Part of Chase’s job is meeting with new nonprofits and consulting people who are just getting started. They offer an affordable online class for how to start a nonprofit, advice for creating a volunteer board of directors, and guidance through the process of registering as a 501(c)(3). 

Whether you’re wanting to volunteer or start your own nonprofit, Alyson offers this advice for how to get started: 

  1. Ask yourself, "What do I care about?" Identify what speaks to your heart, and find a need or organization that aligns with your passion

  2. Next, be honest with yourself and with organizations about the level of time you are able to commit. Long-term volunteers are great, but it’s better to be upfront about what you can do than to overcommit and fall through.

  3. Take a skills inventory: what can you bring to the table? Do you want to use professional skills to assist and organization, or do you want to do something totally different? Think outside the box.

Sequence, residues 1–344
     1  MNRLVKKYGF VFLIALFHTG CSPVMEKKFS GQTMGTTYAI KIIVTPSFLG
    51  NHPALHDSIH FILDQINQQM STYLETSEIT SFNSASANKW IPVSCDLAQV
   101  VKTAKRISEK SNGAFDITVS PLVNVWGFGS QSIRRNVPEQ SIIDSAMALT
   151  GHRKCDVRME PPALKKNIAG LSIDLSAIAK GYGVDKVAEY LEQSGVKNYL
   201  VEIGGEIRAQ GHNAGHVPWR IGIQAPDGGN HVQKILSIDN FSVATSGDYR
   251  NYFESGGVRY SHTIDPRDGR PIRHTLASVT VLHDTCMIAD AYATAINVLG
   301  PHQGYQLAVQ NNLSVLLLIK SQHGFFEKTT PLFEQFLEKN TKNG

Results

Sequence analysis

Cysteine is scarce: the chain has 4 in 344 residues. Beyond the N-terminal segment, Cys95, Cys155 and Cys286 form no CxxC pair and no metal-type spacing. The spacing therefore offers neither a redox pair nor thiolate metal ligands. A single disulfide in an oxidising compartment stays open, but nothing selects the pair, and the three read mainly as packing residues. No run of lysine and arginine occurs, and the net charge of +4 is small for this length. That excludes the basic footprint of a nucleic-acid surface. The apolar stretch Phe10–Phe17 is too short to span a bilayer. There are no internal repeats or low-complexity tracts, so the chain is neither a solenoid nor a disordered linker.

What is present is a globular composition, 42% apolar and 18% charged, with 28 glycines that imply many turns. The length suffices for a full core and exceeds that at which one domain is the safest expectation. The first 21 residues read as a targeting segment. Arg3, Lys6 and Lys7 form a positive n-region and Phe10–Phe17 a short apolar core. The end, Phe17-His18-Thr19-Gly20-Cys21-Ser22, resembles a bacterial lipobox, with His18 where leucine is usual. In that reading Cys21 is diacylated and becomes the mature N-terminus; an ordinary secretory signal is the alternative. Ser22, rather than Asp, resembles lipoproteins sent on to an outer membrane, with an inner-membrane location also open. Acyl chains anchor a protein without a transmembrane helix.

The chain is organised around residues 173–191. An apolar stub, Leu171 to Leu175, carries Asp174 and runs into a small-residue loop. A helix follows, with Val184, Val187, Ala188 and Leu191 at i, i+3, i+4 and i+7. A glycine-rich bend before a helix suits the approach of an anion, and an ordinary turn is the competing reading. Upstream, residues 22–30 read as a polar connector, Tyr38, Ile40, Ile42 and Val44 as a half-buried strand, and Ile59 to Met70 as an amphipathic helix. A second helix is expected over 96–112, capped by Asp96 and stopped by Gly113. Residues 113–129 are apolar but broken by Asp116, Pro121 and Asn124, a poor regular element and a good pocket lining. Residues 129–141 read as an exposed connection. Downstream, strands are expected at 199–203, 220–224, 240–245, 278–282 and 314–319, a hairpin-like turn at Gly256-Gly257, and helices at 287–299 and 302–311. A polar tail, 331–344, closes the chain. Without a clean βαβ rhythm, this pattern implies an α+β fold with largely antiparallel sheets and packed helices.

4. Finally, contact a nonprofit that interests you, or call Volunteer East Tennessee if you’re not sure.

“When people volunteer, it gives them ownership of what happens in their community,” Chase says. “[Volunteering] establishes and builds relationships across all the barriers we typically live in.”

Shora Foundation

Founded in 2008 by Tanika Harper, Shora Foundation was created to provide services and a “safe-place culture” to under-resourced youth communities in Knoxville. Programs support academic and character development, financial literacy, life skills, physical and emotional health, school preparedness, and providing basic needs. By removing barriers and providing unique opportunities for children and young adults, Shora Foundation is transforming the community by empowering its youth for success. To get involved, visit ShoraFoundation.org/Take-Action or call 865.208.5254.

Gateway to Independence

The Gate is a three-day-per-week program providing socialization and teaching independence to adults with differing abilities in Blount County. Providing a community for participants fosters relationships and prevents the isolation many differently abled adults feel after exiting the school system. The Gate offers music, games, exercise, Special Olympics practice, crafts and special events in a safe and supportive environment. Volunteers can call 865.317.GATE or email info@gatewaytn.org for more information.

River and Rail Theatre